Late Monday night, Michael Flynn, the National Security Advisor to the Trump Administration, stepped down from his post. Here are 4 quick things you need to know about the situation.
1. The Scandal
Michael Flynn, up until Monday, was the National Security Advisor for Donald. J. Trump. A few weeks ago, reports surfaced that indicated that Flynn had talked to the Russian Ambassador about sanctions before Trump was inaugurated, meaning he was still only a private citizen. Flynn denied that the sanctions were mentioned in the conversation, and an investigation was started. Prominent White House officials from KellyAnne Conway to Vice President Pence showed their support for him initially, however, this Monday Flynn resigned, prompting the assumption that he did in fact talk about sanctions with the Russian Ambassador before he was in his position.
2. Why is this a big deal?
It is illegal for private citizens to discuss foreign policy with foreign diplomats. And, since Flynn had these calls with the Russian Ambassadors without being in office yet, his actions were technically illegal. These were not only illegal but also an ethics violation; something critics say can open up the door for a disregard for diplomatic rules.
3. Misleading the White House
One of the biggest issues with this breach is the fact that he not only lied to the American people, but also to the White House. Vice President Mike Pence has actually been defending Flynn, claiming that he did not discuss the sanctions with the Russian Ambassador. This is problematic because it leaves one of two options: Pence was deliberately covering up for Flynn, or he did not know what was going on with Flynn. Both of these options are troubling, even though it appears Flynn simply mislead Pence. No matter, this is not a good look for an administration that has already been subject to much controversy in the first month.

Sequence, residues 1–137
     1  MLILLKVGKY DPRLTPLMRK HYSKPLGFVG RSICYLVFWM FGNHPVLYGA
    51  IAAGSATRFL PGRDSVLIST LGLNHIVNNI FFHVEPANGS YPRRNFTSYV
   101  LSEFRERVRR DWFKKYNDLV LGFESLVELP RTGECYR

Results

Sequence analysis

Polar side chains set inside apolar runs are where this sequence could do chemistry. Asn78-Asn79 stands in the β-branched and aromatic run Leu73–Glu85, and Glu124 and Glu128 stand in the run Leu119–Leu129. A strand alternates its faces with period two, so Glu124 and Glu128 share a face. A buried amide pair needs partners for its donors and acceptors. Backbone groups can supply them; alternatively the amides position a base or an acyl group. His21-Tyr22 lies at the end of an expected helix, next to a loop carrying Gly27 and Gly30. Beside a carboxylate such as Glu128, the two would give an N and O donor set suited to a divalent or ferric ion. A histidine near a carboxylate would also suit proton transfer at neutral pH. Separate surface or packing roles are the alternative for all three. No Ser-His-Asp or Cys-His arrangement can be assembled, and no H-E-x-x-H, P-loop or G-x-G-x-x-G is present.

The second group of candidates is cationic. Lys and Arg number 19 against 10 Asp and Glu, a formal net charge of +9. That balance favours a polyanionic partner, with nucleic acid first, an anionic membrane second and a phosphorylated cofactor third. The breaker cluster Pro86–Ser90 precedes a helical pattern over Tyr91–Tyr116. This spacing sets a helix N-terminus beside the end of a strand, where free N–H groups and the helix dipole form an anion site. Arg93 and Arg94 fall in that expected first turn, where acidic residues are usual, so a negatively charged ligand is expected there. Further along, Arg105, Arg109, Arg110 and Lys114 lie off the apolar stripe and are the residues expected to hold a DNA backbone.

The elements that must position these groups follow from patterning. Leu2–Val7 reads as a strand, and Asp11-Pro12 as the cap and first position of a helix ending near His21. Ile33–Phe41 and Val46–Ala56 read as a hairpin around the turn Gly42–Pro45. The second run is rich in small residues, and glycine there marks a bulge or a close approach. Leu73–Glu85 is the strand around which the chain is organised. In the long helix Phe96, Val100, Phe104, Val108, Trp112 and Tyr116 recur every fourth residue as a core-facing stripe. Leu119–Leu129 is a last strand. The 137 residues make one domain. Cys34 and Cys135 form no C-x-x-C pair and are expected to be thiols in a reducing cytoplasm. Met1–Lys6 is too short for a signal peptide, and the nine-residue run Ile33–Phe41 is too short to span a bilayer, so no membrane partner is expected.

4. Flynn's Replacement
Flynn's replacement for now will be Keith Kellog, a retired general officer in the U.S. Army. General Kellog has held previous positions in the Trump administration, acting as a foreign policy advisor since March 2016, and as the chief of staff for the National Security council. Only time will tell how Kellogg shapes up to the role, but the Trump administration obviously has great faith in him, since there will be a lot of scrutiny on him in the coming weeks.
25 days into Trump's presidency – stay tuned for Fresh U's continued coverage of his term.
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